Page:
Letting Go of Lists

On my happiness list, the last item is “Embrace uncertainty.” And the second to the last? “Live every day as if it were your last.” These are hard to follow because I love making lists and planning my day.

There was one day, three or four years ago, when the darlings, Josie and I were in Italy for Thanksgiving and we had absolutely no plans. We followed the Improv rule, “Accept every offer.” If someone suggested we stop somewhere, that’s where we went. We chased a ball in a church courtyard for a long time.

We got lost in Venice. Someone said, “Let’s stop at that pizza place.” We did. We ate pizza under a bridge.

Then someone pointed to a boat and said, “Oh those clementines look good.” So we bought clementine oranges off of a boat. The kids tried to peel the clementines in one peel so you could hold them back together again and they’d look whole. They were the best clementines ever.

Then the kids wanted to spend hours feeding the pigeons in St. Mark’s Square. But I took a break with a cappuccino at a café off the square. When the waiter delivered my coffee in the white china cup, there, in the frothy milk, was a heart.

When I let go of my agenda, things surprised and pleased me — things I didn’t even think were possible.

I had that list of Summer To Do things. And some of the things I’ve done and some I haven’t. And I’m not sure I’ll get to them today. After all, my last item is “Quit making lists.”

  1. Update my resume
  2. Get more help for Chris and household management
  3. Research joining a writer’s room or applying for writer-in-residence program
  4. Befriend new families in kids’ new Fall schools/classes
  5. Prepare kids well for camp
  6. Have a party while kids are at camp
  7. Replace or do something about annoying kitchen cabinets
  8. Eat more fish
  9. Walk across the Brooklyn Bridge
  10. Comment on and read other blogs
  11. Tweet every day
  12. Do a reading of my work at least once a month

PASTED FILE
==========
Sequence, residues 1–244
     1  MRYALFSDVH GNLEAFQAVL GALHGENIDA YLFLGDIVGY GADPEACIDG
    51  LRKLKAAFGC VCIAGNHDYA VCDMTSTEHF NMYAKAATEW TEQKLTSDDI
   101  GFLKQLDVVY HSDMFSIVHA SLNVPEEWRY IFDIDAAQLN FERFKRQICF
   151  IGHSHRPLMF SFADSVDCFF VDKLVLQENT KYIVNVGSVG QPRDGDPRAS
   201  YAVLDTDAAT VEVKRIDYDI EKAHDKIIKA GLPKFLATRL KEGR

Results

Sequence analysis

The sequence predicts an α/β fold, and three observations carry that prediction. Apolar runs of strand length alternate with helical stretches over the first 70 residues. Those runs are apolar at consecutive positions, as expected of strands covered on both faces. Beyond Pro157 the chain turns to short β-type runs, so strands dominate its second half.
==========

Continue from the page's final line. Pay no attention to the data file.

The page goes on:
13. Plan an international trip for me and the kids
  14. Get my bike tuned up
  15. Quit making lists
What’s on your Summer To Do list?

Loneliness of the Short-Distance Runner

I exercised for the first time in two weeks, swimming my eight laps at the Hyatt Regency Hotel in Montreal. I zigzagged kickboards and babies in floaties.

Exercise is my anti-depressant. Swimming made me feel great.

Since my basal cell surgery two weeks ago I’ve had to lay low. I don’t like that. The winter doldroms set in. My overall mood is down if I don’t exercise (or write!)

It is better for everyone if I work out (and write) a few times each a week. So the other night I considered running a 5K on New Year’s Day in Ticonderoga.

I still had a bunch of stitches on my chest (where the basal cell was removed) and was not supposed to exert myself. I didn’t want to pop a stitch like an overstuffed teddy bear (which is how I felt after eating and drinking my way through Christmas). I hesitated. I had a lot of housework to do.

I had to pack up my family after 10 days in the country. That’s at least as much work as running a marathon. I had a cappuccino (also an anti-depressant) and had an idea. 

“Kids, we’re going to have our own race — to the old school house. You could win! It’s a race against me!”

At my 15-minute mile pace, almost anyone could beat me! But my kids are lazy. Yes, they are lazy, lazy, lazy. And it’s my fault. I’ve spoiled them. They’d rather goof off on Facebook than run.

The girls did walk/run for the first five minutes then they turned around and slogged back to their computer screens. It wasn’t even cold.

I had a weird experience as I ran. There was no wind. Yet I heard a flapping near me, like someone snapping clean sheets while making a bed. I looked around. Nothing. Not a breeze. It happened again. I kind of wished I wasn’t alone so I could ask someone, “Did you hear that? Wasn’t that weird?”

The front runner is the lonely (and possibly delusional) runner.

I came back, declaring victory, like Rocky on the steps of Philadelphia. When you’re the only runner, chances are good you’re the big winner! But I received neither a medal or champagne. Instead, I made myself some more coffee and folded the laundry.